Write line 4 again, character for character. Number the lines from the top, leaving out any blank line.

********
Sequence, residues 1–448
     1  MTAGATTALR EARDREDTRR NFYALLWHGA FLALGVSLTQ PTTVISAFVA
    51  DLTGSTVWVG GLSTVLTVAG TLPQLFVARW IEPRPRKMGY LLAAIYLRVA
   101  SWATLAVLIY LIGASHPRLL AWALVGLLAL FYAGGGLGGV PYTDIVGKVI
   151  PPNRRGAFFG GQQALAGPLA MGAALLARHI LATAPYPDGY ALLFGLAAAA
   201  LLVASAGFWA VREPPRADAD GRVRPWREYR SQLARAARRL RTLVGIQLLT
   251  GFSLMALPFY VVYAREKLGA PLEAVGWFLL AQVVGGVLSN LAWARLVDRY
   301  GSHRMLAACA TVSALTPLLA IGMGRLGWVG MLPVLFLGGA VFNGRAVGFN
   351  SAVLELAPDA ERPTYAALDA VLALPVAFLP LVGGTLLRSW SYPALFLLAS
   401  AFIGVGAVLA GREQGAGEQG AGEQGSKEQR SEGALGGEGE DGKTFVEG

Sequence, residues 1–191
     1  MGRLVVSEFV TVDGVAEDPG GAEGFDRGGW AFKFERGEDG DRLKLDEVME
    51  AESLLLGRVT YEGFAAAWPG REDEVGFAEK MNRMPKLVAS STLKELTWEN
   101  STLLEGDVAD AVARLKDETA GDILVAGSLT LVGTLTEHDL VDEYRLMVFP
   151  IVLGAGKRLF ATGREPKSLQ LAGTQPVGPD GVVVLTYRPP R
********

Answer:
   101  SWATLAVLIY LIGASHPRLL AWALVGLLAL FYAGGGLGGV PYTDIVGKVI